EXCLUSIVE: Rakim on the Essence of Hip-Hop, 5% Nation, Seventh Seal

AllHipHop Staff

Fresh off completing a headlining set at Atlanta’s annual A3C festival, Hip-Hop legend Rakim Allah is ready for a big comeback with his latest album The Seventh Seal.

With a new track featuring Maino recently leaked (“Walk These Streets”), Rakim revealed the forthcoming album is an effort to push Hip-Hop creativity forward.

“The Seventh Seal is a sign of the times if you’re paying attention, if you look at the tsunamis to the Recession. So if I can bring awareness to the youth and see what’s going on, they’ll be more ready for some of the things that will take place [in the future]” Rakim explained to AllHipHop.com. “I’m the tsunami of rap. I’m going to shut it down and we’ll start all over from the top. It’s time to take it to the next level. Everybody is doing the same thing, we gotta keep evolving. Seventh Seal is an option for those who want to change what they’re doing, or trying to better themselves. It’s not too much about Rakim, and more the listener. It’s definitely for the youth, but I’m an old dude and got something for the old heads as well.”

The album represents Rakim Allah’s first album in 10 years. When asked if he was holding the material for the “right time,” Rakim clarified that it was simply label issues that held him back.

“It was more with the label thing,” he stated. “I wanted to get my business straight. I got my own label now [Ra Records], so there’s no better time than the present.”

The Seventh Seal marks the debut of his daughter Destiny Griffin, who sings the hook for one of the tracks. As to whether another potential music icon’s career was beginning, Rakim framed it as more of a personal bonding experience with his offspring.

“I don’t push my kids to do nothing as far as musically. If it’s something they want to do, I’m with them 100%,” Rakim told AllHipHop.com. “My daughter is just built like that. She said daddy I want to do the hook. I wrote the hook, and she did it on her first time sitting in the mic booth. She don’t really want to be a singer, you might not hear a personal album from her. But the track came out dope. I’m there for mines so they do want they want to do and not what they think I want them to do.”

For many listeners, their introduction to the Islamic offshoot organization The Nation of Gods and Earths came from Rakim’s early classic albums, such as Paid in Full,Follow the Leader, and Let the Rhythm Hit ‘Em. Since the early 90’s the group’s Hip-Hop influence has declined sharply. However, Rakim believes philosophical and socially relevant Hip-Hop is primed for a return to the mainstream.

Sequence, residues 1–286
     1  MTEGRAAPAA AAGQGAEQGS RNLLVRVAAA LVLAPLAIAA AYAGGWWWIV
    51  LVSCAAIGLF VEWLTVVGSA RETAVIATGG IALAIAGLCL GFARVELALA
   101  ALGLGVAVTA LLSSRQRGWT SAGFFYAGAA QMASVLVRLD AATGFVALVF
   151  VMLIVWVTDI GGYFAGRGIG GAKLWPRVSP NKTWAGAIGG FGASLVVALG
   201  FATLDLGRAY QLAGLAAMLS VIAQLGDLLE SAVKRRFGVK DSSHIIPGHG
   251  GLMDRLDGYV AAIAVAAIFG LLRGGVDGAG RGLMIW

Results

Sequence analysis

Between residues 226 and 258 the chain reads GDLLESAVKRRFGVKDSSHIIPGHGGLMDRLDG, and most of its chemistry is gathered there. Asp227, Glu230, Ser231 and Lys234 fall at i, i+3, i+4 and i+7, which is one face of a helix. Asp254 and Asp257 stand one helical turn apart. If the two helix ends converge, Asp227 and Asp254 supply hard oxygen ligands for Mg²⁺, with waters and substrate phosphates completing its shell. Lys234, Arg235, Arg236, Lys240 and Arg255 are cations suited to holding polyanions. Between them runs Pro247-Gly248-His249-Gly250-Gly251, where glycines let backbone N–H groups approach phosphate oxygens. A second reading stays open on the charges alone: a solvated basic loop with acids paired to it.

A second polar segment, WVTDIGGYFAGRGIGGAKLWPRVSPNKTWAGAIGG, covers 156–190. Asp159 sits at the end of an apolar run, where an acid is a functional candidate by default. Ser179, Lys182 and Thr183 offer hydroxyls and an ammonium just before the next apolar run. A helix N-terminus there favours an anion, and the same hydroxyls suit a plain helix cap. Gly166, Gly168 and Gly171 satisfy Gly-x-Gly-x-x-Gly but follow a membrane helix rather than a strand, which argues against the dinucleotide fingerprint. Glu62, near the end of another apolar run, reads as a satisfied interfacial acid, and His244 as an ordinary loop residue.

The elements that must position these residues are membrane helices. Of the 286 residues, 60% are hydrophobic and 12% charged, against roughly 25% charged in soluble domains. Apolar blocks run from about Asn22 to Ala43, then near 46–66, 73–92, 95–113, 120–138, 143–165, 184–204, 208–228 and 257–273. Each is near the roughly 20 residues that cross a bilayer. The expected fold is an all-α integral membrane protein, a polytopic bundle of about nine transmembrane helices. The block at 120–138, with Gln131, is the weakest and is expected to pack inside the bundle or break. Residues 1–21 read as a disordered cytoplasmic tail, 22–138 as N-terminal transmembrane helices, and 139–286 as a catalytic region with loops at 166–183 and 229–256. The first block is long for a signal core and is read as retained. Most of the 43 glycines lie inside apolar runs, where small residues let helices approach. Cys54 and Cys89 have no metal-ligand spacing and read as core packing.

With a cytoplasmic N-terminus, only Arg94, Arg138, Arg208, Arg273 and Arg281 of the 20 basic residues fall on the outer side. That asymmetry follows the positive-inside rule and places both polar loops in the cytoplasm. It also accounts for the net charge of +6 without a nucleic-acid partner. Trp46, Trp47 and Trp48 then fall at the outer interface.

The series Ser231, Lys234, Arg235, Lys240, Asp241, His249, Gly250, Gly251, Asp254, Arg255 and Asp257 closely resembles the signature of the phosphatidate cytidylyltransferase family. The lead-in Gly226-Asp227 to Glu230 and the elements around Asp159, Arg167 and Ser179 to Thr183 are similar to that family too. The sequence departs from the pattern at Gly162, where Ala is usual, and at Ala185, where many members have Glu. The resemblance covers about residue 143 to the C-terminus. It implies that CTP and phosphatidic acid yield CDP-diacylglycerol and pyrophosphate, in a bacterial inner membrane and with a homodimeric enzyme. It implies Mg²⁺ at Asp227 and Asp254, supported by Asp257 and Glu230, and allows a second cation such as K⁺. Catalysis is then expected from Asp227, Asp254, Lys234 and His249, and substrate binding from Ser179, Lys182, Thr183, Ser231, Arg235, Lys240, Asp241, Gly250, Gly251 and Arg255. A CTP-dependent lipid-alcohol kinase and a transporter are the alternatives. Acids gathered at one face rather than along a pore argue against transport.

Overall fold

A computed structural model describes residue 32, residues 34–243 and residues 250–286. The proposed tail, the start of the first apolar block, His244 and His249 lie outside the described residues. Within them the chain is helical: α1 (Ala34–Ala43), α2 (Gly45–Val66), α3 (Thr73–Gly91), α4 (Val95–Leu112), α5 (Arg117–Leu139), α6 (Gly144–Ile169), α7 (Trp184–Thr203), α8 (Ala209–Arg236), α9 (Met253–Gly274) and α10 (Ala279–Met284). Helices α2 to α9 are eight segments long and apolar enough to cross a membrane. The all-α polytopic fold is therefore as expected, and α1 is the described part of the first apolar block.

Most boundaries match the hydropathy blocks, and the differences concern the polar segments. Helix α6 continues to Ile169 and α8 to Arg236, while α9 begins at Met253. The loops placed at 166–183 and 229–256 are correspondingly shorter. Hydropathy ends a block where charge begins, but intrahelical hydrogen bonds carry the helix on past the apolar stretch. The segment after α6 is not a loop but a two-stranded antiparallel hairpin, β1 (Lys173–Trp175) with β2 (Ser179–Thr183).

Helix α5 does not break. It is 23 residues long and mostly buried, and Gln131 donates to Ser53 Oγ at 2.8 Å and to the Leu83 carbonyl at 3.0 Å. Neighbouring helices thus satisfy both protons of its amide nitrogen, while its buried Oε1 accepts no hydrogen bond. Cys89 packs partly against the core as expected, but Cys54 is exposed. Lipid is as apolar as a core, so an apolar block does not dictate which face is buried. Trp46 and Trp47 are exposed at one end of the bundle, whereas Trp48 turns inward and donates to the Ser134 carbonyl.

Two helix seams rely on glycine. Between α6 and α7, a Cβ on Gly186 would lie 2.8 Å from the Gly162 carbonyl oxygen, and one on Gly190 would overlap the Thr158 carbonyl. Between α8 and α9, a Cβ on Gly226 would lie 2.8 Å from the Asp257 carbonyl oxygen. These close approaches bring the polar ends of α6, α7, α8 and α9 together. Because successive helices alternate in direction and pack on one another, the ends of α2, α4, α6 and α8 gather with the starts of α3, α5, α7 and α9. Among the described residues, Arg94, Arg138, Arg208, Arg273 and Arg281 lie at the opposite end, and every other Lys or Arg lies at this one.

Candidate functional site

“I think the Nation of Gods and Earths is always going to be respected as what it is. When you have people representing that and shining, it’s always going to reflect back,” Rakim said. “But at this point, from what we’ve been going through and what we’ve been listening to, I think people are ready to change it up. You can only shoot somebody so many ways. You can only sell so many ki’s of coke. You can only buy so many cars. I think it’s getting to a point where Hip-Hop isn’t going to have a choice but to change its lyrical content”

As an artist that many feel represents the prototype of an emcee, the lyrical giant had his own interesting take on who represents the essence of Hip-Hop.

“That question is kinda ill. When I was coming up I remember being a little dude and DJs were playing disco. Hip-Hop was disco at first. So going into the park and hearing Evelyn “Champagne” King and things of that nature, and then having the DJ throwing on ‘Funky Drummer’ was a mess! So who I think is the purest form of Hip-Hop is James Brown. We didn’t know what the sound of Hip-Hop was going to be. We had a culture of people who liked to dance and dress in a certain type of way. But I think James Brown’s music started to shape the sound of Hip-Hop from the drums, to the aggression, that’s what it is. Hip-Hop is a kid of James Brown. We’re all James Brown’s kids.”

Rakim’s Seventh Seal is set for release on November 17, and hosts appearances from Maino, The Lox, and Busta Rhymes.

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